St. Mary makes history
Published 12:00 am Saturday, September 25, 1999
The parishioners of St. Mary rightly take pride in their new basilica.
So said the Most Rev. William Cardinal Keeler, archbishop of Baltimore, who was in Natchez Saturday to celebrate the inaugural Mass at St. Mary Basilica.
&uot;This which has been the stage of God’s drama for so many years now&uot; has taken on a new elevation and a new respect with the title of basilica, Cardinal Keeler said.
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And, to celebrate that distinction, Cardinal Keeler led the celebration of the Mass of Elevation of St. Mary Church to the Status of Basilica for the more than 700 clergy, religious, parishioners and community members who attended the two-hour service.
&uot;Sometimes I just get tired of so much pomp and circumstance,&uot; said Mary Estelle Sanguinetti, a parishioner who served as a lector for the Mass. &uot;But today it just seemed right somehow.&uot;
St. Mary has served the Catholic population of Natchez for more than 150 years, most of those as St. Mary Cathedral, the see of the Catholic Church in Mississippi. The church lost its cathedral designation in 1977, when the diocesan headquarters was moved to Jackson.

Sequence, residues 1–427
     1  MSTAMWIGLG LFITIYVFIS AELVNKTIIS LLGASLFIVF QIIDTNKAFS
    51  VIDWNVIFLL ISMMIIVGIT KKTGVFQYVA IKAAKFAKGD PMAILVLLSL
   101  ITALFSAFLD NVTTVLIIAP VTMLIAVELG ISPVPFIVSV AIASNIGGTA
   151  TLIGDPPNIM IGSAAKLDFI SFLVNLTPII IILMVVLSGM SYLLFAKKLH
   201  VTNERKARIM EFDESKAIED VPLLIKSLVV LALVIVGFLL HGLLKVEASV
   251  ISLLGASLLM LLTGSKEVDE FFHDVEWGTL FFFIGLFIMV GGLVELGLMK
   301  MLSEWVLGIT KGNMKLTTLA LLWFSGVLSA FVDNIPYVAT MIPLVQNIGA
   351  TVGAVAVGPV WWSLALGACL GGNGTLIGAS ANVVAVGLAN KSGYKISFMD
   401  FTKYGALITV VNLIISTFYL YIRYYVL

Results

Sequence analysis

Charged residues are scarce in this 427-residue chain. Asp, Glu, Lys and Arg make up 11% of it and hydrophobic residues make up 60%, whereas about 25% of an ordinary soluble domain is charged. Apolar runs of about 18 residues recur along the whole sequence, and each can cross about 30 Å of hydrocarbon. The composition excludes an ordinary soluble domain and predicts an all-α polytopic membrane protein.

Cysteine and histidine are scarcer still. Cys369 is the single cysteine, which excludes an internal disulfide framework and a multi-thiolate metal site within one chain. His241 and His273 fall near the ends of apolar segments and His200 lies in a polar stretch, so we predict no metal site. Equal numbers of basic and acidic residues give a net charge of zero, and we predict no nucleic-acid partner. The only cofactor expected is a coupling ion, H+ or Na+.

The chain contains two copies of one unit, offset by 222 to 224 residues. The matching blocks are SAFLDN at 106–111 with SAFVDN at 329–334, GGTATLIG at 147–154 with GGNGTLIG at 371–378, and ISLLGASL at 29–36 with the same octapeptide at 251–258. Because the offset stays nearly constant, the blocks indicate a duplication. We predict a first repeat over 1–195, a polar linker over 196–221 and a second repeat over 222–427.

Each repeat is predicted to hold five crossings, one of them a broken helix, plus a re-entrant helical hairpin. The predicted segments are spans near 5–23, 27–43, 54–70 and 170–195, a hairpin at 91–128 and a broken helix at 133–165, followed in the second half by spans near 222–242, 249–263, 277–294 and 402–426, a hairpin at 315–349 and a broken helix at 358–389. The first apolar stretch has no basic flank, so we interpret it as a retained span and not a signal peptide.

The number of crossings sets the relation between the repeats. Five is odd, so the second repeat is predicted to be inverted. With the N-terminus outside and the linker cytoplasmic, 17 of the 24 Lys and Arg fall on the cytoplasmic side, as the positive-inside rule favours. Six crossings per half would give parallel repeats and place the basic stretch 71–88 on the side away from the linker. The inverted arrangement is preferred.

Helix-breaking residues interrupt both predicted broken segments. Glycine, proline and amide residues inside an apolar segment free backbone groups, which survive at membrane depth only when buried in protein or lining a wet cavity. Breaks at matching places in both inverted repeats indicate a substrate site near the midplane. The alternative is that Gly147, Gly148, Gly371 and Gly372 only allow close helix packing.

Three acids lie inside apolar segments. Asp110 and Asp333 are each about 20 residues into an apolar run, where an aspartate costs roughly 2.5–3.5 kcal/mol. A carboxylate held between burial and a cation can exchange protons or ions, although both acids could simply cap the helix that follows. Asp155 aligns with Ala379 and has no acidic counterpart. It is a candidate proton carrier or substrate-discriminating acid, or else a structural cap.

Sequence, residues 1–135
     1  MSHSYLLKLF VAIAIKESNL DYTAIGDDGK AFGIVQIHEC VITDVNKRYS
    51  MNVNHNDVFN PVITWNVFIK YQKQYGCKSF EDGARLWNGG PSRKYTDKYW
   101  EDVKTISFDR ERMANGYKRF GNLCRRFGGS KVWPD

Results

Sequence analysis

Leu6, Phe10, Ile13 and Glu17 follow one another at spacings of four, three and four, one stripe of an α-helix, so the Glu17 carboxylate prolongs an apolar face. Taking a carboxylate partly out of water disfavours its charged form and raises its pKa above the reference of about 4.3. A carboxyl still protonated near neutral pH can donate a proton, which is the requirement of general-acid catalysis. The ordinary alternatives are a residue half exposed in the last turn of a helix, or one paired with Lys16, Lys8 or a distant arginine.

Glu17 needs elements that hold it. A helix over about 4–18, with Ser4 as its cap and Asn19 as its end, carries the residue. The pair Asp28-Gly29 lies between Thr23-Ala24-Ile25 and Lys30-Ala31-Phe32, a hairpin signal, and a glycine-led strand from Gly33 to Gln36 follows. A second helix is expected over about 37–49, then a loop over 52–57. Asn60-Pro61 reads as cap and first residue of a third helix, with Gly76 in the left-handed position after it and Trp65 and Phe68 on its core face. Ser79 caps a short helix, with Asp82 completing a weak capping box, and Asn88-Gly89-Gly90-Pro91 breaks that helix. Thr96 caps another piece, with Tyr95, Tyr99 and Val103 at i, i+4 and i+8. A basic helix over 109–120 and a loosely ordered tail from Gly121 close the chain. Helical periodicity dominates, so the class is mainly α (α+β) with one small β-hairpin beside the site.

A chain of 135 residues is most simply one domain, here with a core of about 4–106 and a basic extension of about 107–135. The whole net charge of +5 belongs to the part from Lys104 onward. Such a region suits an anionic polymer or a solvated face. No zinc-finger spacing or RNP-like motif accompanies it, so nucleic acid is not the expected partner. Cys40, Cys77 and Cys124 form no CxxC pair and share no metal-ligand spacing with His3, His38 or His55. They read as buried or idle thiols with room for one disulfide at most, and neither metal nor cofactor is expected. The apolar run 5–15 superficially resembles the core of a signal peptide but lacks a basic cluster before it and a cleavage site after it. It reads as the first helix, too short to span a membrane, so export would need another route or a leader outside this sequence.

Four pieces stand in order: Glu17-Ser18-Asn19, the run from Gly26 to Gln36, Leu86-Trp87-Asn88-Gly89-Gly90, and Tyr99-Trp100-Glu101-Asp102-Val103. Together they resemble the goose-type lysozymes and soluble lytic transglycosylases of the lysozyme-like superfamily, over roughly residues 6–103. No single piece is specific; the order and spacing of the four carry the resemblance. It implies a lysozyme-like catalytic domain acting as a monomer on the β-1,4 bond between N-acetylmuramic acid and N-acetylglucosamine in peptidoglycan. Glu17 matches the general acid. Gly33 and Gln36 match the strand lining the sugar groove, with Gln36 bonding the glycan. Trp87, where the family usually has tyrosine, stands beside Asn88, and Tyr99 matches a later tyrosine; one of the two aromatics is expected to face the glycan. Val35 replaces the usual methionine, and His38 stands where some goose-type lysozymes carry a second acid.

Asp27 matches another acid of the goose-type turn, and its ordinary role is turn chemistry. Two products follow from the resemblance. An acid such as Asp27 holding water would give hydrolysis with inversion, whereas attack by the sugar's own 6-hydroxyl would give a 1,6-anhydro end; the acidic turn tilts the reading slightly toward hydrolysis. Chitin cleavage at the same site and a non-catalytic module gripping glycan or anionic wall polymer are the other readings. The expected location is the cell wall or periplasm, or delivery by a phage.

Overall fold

The title of basilica, which was bestowed Sept. 8, 1998, by Pope John Paul II, reflects the church’s important role in both the community and Mississippi, celebrants said.
The basilica title &uot;recognizes this church for its distinguished history architecture and role in the sanctification of God’s people,&uot; Cardinal Keeler said during his homily.
Catholicism in Natchez dates back to the 16th Century, when Spanish explorers arrived in the area. In 1837, Natchez was designated the see of the newly created Diocese of Mississippi and, in 1841, the Most Rev. John Joseph Chance became the first bishop to serve at St. Mary.
Bishop Chance and those who followed him were &uot;the spiritual giants whose vision made this possible,&uot; Keeler said.
The first Mass was celebrated in St. Mary’s on Christmas Day, 1843, when the structure was little more than plaster walls and a roof.
By the time the cathedral was consecrated
in September 1886, it more closely resembled the grand structure it is today.
Even in the early 1930s, the cathedral was evolving with the addition of Carrara marble screens, altars and a communion rail.
And the building, which is listed on the National Register of Historic Places, continues to evolve even today.
Recent improvements include the addition of a copper-clad steeple and restoration of the pinnacles, which is under way now.
While the historical significance of St. Mary and its imposing architecture were an important part of its designation as a basilica, its active parish is equally as important to the designation.
&uot;The basilica serves as a source of renewed spirit and strength, a source of justice,&uot; said the Most Rev. Oscar H. Lipscomb, archbishop of Mobile, Ala.
He furthered challenged the parishioners of St. Mary, and all those attending, to make the basilica &uot;an external designation that must somehow be ratified in our lives in what we do and take forth.&uot;